- The Washington Times - Wednesday, May 29, 2013


The name can’t be found anywhere in Nationals Park, not stitched on the back of a jersey or in the lengthy roster of front office employees or slapped on a bobblehead.

Dr. Lewis Yocum never threw a pitch, waved a runner home or swung a trade for the Nationals. But the renowned orthopedic surgeon’s influence on the organization is everywhere you look. The impact, really, is as indelible as the scars on the right elbows of Stephen Strasburg and Jordan Zimmermann.

Yocum died this past weekend at 65 after a quiet, private fight against liver cancer. He spent 36 years as team physician for the Los Angeles Angels, in addition to his work for the Kerlan-Jobe Orthopaedic Clinic, and became known as the man who saved baseball careers. In Washington, that’s no exaggeration.

His name usually popped up when something bad happened, ironic for a man known for his wit and gentlemanly manner. Bum shoulder? Elbow pop? Knee hurt? Something not right? A trip to Los Angeles to see Yocum usually followed. Healing did, too. Didn’t matter if you were a big name or no name.

Baseball Prospectus once named Yocum baseball’s No. 2 “super surgeon,” behind do-everything Dr. James Andrews, which only hints at his influence. The Nationals, along with the rest of baseball, have been frequent customers over the years, from Luis Ayala to Chad Cordero to many, many more.

Yocum was the doctor entrusted to repair the torn ulnar collateral ligament in Strasburg’s elbow in 2010, the man in whose steady hands the Nationals put the future of their generational pitching prospect.

Each year, Yocum handled about 50 Tommy John surgeries. The injury used to slice apart careers, as well as elbows. But after Dr. Frank Jobe pioneered the ligament replacement on John in 1974 that transplanted a tendon from a different part of his body, Yocum helped transform the procedure into something that bordered on routine.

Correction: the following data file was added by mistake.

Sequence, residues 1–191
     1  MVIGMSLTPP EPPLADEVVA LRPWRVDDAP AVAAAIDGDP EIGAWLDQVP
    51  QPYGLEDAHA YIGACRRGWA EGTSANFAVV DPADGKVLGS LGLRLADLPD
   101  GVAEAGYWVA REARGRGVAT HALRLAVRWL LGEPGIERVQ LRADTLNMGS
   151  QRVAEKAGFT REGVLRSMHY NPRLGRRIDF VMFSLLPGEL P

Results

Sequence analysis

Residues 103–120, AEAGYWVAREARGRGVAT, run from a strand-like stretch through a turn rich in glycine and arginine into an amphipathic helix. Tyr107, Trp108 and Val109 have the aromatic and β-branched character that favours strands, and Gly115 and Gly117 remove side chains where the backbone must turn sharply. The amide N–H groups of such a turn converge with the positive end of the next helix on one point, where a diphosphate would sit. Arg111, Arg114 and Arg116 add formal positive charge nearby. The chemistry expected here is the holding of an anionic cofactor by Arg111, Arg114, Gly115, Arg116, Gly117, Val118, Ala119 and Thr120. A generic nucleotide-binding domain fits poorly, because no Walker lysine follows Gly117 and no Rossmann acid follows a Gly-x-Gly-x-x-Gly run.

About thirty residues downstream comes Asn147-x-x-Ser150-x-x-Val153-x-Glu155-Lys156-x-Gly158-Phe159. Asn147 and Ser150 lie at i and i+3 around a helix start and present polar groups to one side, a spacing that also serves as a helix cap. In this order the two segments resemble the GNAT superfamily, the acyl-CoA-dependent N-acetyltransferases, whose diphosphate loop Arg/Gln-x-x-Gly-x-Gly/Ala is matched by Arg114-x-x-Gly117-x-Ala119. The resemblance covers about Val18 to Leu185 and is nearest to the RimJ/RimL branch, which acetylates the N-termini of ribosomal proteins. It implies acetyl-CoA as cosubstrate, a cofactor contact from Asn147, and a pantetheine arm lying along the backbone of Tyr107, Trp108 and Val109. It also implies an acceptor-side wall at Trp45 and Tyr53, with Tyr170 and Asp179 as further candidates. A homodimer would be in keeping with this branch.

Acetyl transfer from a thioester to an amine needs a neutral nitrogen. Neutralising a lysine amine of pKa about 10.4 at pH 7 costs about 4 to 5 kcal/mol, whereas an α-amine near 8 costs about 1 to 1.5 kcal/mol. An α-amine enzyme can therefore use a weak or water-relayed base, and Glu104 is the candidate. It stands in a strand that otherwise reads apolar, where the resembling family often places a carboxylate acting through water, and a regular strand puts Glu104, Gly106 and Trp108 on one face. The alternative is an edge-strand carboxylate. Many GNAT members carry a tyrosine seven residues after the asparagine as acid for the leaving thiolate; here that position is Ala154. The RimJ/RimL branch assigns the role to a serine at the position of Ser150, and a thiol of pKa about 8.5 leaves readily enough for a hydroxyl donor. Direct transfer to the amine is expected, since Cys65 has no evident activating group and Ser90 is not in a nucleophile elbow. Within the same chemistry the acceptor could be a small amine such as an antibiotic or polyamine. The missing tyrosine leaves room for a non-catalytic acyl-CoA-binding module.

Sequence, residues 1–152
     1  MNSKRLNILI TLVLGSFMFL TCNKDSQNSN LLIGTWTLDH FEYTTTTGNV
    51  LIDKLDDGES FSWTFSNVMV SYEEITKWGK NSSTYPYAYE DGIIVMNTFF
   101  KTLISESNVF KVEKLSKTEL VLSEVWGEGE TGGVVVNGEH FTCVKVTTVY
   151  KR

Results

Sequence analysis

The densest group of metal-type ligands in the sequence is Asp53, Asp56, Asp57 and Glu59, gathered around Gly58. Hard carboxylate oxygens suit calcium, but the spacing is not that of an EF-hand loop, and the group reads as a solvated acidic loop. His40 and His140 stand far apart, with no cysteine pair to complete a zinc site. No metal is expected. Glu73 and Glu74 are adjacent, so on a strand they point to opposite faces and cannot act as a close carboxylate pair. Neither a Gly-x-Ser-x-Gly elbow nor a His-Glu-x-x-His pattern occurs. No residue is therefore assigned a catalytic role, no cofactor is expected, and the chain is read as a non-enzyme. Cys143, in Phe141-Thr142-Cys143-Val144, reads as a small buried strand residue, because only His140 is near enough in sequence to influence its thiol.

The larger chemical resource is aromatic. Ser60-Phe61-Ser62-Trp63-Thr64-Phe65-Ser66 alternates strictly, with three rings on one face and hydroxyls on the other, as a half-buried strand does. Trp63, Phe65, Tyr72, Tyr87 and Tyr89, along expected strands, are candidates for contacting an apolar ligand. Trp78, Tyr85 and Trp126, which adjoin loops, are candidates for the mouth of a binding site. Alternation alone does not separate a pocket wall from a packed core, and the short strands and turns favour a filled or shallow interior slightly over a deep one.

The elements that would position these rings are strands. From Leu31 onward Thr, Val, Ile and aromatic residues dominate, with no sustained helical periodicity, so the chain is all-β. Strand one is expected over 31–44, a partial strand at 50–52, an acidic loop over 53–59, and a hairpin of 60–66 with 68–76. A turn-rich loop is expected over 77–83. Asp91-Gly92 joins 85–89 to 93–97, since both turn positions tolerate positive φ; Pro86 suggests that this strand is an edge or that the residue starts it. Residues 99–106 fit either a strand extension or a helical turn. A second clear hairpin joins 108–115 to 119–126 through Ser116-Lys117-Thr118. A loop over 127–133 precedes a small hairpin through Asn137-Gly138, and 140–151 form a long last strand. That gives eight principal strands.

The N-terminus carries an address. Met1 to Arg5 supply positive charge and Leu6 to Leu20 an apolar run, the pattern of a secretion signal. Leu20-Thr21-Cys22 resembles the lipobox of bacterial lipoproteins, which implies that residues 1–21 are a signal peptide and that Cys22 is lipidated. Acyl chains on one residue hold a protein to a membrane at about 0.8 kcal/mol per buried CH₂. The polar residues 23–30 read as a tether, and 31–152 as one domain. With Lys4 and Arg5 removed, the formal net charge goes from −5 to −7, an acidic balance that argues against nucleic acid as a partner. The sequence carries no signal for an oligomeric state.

Strasburg, of course, is well-removed from the surgery and can rev his fastball up to 99 miles per hour, as if nothing unusual happened.

Yocum’s work is on display each time Zimmermann takes the mound, too. The doctor performed Tommy John surgery on him back in 2009. Now Zimmermann might be the ace of a gifted starting rotation.

When first-round draft pick Lucas Giolito’s right elbow gave out last year, Yocum did the Tommy John surgery. Same for left-handed prospect Sammy Solis, signed to a seven-figure deal after being drafted in the second round. Matt Purke, perhaps the organization’s top left-handed pitching prospect after accepting an even larger signing bonus, visited Yocum to clean up his pitching shoulder in August.

All three are in various stages of return: Giolito at the team’s complex in Viera, Fla., Solis with the Potomac Nationals and Purke with the Hagerstown Suns.

Yocum did more than save pitchers from baseball’s injury scrap heap and repair UCLs with the expediency the rest of us would swap out a tire.

Before the Nationals used the No. 6 pick in the 2011 draft on third baseman Anthony Rendon, dogged by questions about his ability to remain healthy, Yocum gave him a clean bill of health.

Even second baseman Danny Espinosa spent time with Yocum during the offseason to seek guidance for his torn left rotator cuff.

The list goes on.

After Yocum’s death became public Tuesday, tributes flowed in from everyone from commissioner Bud Selig to superagent Scott Boras. But what will last, more than emailed statements and tweets of regret and sentimental memories, are the players Yocum helped heal. The ones who can pitch inning after inning, who can still swing a bat or run the bases became the doctor fixed them.

No, Yocum didn’t rate a prospect on the 20-to-80 scale, negotiate a free-agent contract or fill out a lineup card. He made those things possible as he kept careers and dreams alive. One of the giant-headed racing presidents may draw more attention from the average fan. But Yocum’s work healing baseball’s wounded was subtle — even anonymous to many outside baseball. But every time Strasburg or Zimmermann takes the mound, the doctor will be there, too.

• Nathan Fenno can be reached at nfenno@washingtontimes.com.

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